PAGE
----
CaixaBank: Consequences Of Brexit For Spain’s RE Sector

11 September 2017 – CaixaBank Research

The real estate sector has started a new bullish cycle, as evidenced by the evolution of house purchases, which have been growing at double-digit figures for two years now. Whilst internal demand has been boosted by the recovery in employment and favourable financing conditions, overseas demand has been by no means negligible: in Q1 2017, it grew by 14% YoY.

Nevertheless, this positive movement in terms of demand from overseas buyers is masking various different trends. On the one hand, most of the purchases are happening on the Mediterranean Coast and in the islands, with foreigners accounting for more than 30% of total purchases in some provinces.

On the other hand, the evolution of these house purchases varies significantly by nationality. In this sense, the uncertainty surrounding Brexit and the depreciation of the pound are leaving their mark on the acquisition of homes by citizens from the United Kingdom, the main cohort of foreign homebuyers in Spain. In Q1 2017, purchases undertaken by British citizens decreased by 13% YoY. Nevertheless, that decrease was more than offset by the uptick in purchases made by French, German, Belgian and Swedish citizens who increased their purchases at rates equal to or more than 20% YoY in Q1 2017.

The different trends observed between international buyers have generated changes in the relative weight of each country in terms of house purchases, at the same time as reducing the degree of concentration amongst certain nationalities. Although the United Kingdom continues to head up the list of overseas buyers, purchases by that cohort have gone from accounting for 21% of the total in 2015 to 15% in Q1 2017.

Looking ahead, house purchases by British citizens may regain some of their buoyancy if the Brexit negotiations evolve favourably and the pound manages to recover some of its strength. Nevertheless, periods of significant uncertainty surrounding Brexit, or a hard Brexit, could tarnish the recovery, given that house purchases by British citizens have historically been very sensitive to economic conditions in their own country. On a more positive note, the good economic outlook for the other main home-buying countries in Spain, together with the continuation of accommodative monetary conditions and the decrease in the political uncertainty in the Eurozone countries, represent an opportunity for the Spanish real estate sector.

On a more positive note, the good economic outlook for the other main overseas buyers of homes in Spain, together with the continuation of loose monetary conditions and the decrease in the political uncertainty in the Eurozone countries, represent an opportunity for the Spanish real estate sector.

Original story: CaixaBank Research

Translation: Carmel Drake

INE: Fixed Rate Mortgages Enjoy Unparalleled Popularity

29 July 2016 – Cinco Días

The mortgage market is not only on track to recovery, it is proving unstoppable. The enormous and increasingly attractive mortgages being offered by the banks to secure new clients are encouraging homebuyers. And that is being reflected in the figures. According to the property registers, the signing of new mortgages for the acquisition of a home recorded a significant YoY increase of 34.1% in May, to reach 26,579 contracts, an increase that was ten basis points higher than the rise recorded in April (24.6%) and twenty points higher than the increase in March. With the YoY rise in May, mortgages recorded 24 consecutive months of increases.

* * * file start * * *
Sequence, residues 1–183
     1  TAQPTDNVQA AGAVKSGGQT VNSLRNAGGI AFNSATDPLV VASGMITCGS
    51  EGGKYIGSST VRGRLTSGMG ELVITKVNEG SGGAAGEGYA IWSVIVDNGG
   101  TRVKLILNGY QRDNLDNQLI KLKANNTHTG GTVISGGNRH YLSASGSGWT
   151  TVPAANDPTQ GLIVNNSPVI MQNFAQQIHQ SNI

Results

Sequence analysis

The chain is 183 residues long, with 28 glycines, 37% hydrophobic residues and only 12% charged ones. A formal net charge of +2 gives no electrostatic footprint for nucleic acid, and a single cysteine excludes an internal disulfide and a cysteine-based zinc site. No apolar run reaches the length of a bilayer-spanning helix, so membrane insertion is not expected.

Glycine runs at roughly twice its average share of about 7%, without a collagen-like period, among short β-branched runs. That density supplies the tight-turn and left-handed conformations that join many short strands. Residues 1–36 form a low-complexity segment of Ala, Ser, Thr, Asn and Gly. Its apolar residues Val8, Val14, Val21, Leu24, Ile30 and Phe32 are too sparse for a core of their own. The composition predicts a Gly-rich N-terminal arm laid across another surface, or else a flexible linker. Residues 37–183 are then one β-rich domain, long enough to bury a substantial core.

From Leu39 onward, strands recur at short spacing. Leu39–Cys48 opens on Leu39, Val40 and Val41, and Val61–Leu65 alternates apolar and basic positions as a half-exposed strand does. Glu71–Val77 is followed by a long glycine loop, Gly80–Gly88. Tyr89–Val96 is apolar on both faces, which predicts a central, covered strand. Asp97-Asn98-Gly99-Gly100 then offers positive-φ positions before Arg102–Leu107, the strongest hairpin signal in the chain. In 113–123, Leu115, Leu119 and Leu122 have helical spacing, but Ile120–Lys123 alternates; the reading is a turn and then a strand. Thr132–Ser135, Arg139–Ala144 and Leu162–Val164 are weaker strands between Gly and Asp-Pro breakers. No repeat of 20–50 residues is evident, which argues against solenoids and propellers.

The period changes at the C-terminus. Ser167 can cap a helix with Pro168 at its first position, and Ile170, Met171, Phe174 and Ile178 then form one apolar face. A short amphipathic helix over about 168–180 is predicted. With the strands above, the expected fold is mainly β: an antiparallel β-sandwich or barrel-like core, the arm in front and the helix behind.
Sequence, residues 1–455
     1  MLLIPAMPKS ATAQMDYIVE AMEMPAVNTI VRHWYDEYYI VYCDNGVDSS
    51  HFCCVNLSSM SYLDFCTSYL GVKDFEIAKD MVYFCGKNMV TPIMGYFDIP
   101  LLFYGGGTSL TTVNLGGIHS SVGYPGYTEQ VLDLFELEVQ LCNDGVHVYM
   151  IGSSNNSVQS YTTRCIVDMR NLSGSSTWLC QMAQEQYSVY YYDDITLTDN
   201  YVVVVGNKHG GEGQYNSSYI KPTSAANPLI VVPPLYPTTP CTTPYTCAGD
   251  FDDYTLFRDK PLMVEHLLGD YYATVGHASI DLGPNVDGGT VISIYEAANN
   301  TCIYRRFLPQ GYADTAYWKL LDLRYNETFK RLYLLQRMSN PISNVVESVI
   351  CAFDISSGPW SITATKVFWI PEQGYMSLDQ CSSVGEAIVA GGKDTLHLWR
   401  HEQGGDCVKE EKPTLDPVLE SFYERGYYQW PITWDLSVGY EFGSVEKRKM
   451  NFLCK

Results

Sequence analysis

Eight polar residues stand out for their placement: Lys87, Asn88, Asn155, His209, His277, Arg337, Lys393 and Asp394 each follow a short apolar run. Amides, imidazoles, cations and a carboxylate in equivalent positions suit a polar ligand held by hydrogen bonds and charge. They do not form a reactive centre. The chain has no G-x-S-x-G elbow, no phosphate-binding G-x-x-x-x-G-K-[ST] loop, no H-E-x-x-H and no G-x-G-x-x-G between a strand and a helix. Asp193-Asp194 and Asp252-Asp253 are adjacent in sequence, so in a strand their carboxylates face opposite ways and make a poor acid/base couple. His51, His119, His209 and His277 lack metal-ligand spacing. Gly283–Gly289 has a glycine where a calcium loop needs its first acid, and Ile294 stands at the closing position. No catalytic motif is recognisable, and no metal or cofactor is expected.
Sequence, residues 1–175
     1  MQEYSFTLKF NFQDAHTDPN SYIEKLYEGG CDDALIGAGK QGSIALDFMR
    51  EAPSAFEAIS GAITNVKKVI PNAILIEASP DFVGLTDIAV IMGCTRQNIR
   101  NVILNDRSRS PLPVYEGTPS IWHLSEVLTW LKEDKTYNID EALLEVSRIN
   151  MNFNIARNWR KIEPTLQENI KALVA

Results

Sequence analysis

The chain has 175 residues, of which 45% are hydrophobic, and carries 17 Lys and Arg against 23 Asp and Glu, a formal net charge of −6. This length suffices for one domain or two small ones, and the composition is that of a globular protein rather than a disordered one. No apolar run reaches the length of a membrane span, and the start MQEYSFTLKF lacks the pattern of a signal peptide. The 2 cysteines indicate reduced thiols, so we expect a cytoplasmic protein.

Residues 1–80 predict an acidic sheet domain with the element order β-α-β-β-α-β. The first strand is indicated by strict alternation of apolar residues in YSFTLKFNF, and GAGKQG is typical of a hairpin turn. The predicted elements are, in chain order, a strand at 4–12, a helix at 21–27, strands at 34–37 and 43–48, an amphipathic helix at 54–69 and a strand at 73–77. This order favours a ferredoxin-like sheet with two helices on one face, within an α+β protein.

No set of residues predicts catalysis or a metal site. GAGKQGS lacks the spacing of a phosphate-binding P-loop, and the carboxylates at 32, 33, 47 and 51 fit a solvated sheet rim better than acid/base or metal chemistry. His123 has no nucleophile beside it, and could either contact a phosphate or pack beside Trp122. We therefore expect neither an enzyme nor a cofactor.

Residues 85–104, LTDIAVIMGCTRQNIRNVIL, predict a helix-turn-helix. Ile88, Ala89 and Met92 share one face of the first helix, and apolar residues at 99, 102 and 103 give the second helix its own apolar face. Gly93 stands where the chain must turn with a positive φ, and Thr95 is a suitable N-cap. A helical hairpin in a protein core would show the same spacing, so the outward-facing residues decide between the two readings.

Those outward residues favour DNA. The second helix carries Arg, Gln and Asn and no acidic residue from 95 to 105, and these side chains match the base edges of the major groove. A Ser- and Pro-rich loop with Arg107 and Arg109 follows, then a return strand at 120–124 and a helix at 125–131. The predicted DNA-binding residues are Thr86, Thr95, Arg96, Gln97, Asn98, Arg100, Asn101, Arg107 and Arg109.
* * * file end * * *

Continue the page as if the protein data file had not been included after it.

And the data reveal another important fact to keep in mind. It seems that the firm commitment of the financial institutions to fixed rate mortgages is working, with increasingly more clients choosing that option. 80.4% of the mortgages constituted in May had variable rates, compared with 19.6% that had fixed rates. Just a month before, in April, variable rate mortgages accounted for 85.2% of the total, whilst fixed rate mortgages represented 14.8%. But the increase in fixed-rate loans is unquestionable if we compare the latest figures with those from just a year ago. In May 2015, when 19,732 new mortgages were constituted, 92.8% of them were variable rate and 7.2% were fixed rate. In other words, the proportion of new fixed rate mortgages has almost tripled in one year.

And, in recent months, the financial institutions have shown a greater predilection for fixed-rate mortgages, given the low interest rate environment in which they are operating. And, what’s more, the battle to win clients is still very much alive and kicking, with some entities now offering interest rates of less than 2%. There are several examples: BBVA is offering 15-year fixed rate mortgages at 1.90%. Bankinter is offering 1.80% on its 15-year mortgages and 1.60% on its 10-year products. Meanwhile, Activobank’s promotional mortgage to celebrate its anniversary establishes a rate of just 1.50% over 10 years. (…).

With just two days left of trading before the end of July, the average Euribor rate currently sits at -0.057%, compared with -0.028% in June. Thus, the decrease in Euribor has doubled in just a month. (…).

According to the provisional data for May, provided by INE yesterday, which comes from public deeds signed in the previous months, the 26,579 mortgages that were constituted during the month represent an increase of 12.6% compared with the 23,607 signed a month earlier.

The value of those mortgages amounted to €2,776.9 million, up by 33.1% compared to a year ago and 8.6% higher than in April. The average mortgage loan amounted to €104,480, which represents a reduction of 0.8% compared to May 2015 and 3.6% compared to a month earlier. (…).

Original story: Cinco Días (by M. Calavia)

Translation: Carmel Drake